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Felt, Imagined, and Seen Touch Share a Substrate in Human Posterior Parietal Cortex


Chivukula, Srinivas (2022) Felt, Imagined, and Seen Touch Share a Substrate in Human Posterior Parietal Cortex. Dissertation (Ph.D.), California Institute of Technology. doi:10.7907/0tgv-t705.


One of the most remarkable aspects of human cognition is its flexibility. We can think new thoughts, infer meaning, plan actions, predict, extrapolate, and so much more. How do our brains enable this versatility? A growing ability to simultaneously record from large populations of single neurons in human cortex has begun to provide insight. Recent studies have identified that shared populations of neurons in posterior parietal cortex (PPC) of a human subject (involved in a brain-machine interface (BMI) clinical trial) encode many aspects of motor cognition: attempted and imagined actions, observed actions and the semantic processing of action verbs. Individual units are complex, but population representations manifest rich associations across neurons, supporting diverse behavioral contexts. Here, in novel work, we establish that the same PPC substrate also encodes aspects of sensory cognition, and unpack the functional organization of information that enables this versatility. We record populations of neurons in PPC of the same human subject, a tetraplegic trial participant implanted with a 4x4 mm microelectrode array. In a series of novel results, we first establish that neurons in this PPC substrate encode actual (or felt) touch to oneself, at short latency, with bilateral receptive fields, organized by body-part. We show that imagined touch to oneself and observed touch to others engage the same substrate. To understand coding mechanisms further, we manipulated the touch location (cheek, shoulder), and the touch type (pinch, press, rub, tap). As in the motor domain, individual neurons exhibit highly variable responses. At the population-level, however, we find that the diverse touch conditions are explained by a small number of subspaces (meaningful groupings of neurons) that encode basic-level, elemental information such as touch location, and touch type. This suggests a compositional basis in PPC, such that various touch conditions are encoded through diverse combinations of common primitive elements. Moreover, these subspaces are generalizable, able to explain novel (held out) data. These principles of compositionality and generalizability suggest a basis by which PPC may support cognitive behaviors such as comprehension, in situations that extend beyond our experiences. In support of this interpretation, we show finally that this PPC substrate encodes seen touch universally – not only to insensate arm regions on the tetraplegic human subject, and to other human individuals, but also to a wide sampling of inanimate objects. As predicted, neural information combines and generalizes across conditions such that touch to objects with more similar features, is more similarly encoded. Taken together, our work is a novel, neuron-level characterization of how high-level cortex in humans may support diverse sensory, motor, and cognitive behaviors. We speculate that populations of neurons in PPC encode rich internal models of the world that can be flexibly repurposed for diverse (and novel) behavioral contexts.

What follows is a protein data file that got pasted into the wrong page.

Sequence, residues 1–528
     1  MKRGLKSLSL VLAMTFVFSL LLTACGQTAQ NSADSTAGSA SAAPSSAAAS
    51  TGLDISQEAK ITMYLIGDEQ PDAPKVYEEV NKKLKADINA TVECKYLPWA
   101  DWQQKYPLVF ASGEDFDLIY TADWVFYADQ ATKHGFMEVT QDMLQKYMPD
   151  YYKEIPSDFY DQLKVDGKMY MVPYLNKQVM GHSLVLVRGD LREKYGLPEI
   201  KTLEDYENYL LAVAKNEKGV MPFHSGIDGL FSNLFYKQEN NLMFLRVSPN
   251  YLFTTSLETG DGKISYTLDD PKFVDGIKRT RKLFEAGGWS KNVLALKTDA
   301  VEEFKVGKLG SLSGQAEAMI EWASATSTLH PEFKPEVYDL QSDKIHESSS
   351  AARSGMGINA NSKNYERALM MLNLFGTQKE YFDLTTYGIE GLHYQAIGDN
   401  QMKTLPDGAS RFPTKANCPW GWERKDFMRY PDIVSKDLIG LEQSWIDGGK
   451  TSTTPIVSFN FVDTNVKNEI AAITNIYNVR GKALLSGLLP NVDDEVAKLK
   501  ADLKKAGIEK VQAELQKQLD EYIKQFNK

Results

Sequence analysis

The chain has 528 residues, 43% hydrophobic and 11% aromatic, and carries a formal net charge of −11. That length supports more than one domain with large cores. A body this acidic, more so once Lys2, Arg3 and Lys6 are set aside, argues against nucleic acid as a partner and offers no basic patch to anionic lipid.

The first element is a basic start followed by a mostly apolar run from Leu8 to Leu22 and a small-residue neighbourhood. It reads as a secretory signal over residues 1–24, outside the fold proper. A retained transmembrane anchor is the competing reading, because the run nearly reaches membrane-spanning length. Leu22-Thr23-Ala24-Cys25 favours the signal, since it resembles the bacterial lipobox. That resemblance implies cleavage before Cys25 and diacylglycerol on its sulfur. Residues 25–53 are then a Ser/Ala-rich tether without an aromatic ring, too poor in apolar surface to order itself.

Item Type:Thesis (Dissertation (Ph.D.))
Subject Keywords:Neuron; population; brain-computer interface; internal model; parietal cortex
Degree Grantor:California Institute of Technology
Division:Biology and Biological Engineering
Major Option:Biology
Thesis Availability:Public (worldwide access)
Research Advisor(s):
  • Andersen, Richard A.
Thesis Committee:
  • Burdick, Joel Wakeman (chair)
  • Aflalo, Tyson
  • Pouratian, Nader
  • Prober, David A.
  • Andersen, Richard A.
Defense Date:10 May 2022
Funding AgencyGrant Number
National Institutes of Health (NIH)5R01EY015545-12
Tianqiao and Chrissy Chen Brain-Machine Interface Center at CaltechUNSPECIFIED
National Institutes of Health (NIH)NS079198
Record Number:CaltechTHESIS:05022022-175609842
Persistent URL:
Related URLs:
URLURL TypeDescription adapted for Chapter 3
Chivukula, Srinivas0000-0002-3570-162X
Default Usage Policy:No commercial reproduction, distribution, display or performance rights in this work are provided.
ID Code:14569
Deposited By: Srinivas Chivukula
Deposited On:23 May 2022 19:30
Last Modified:08 Nov 2023 00:08

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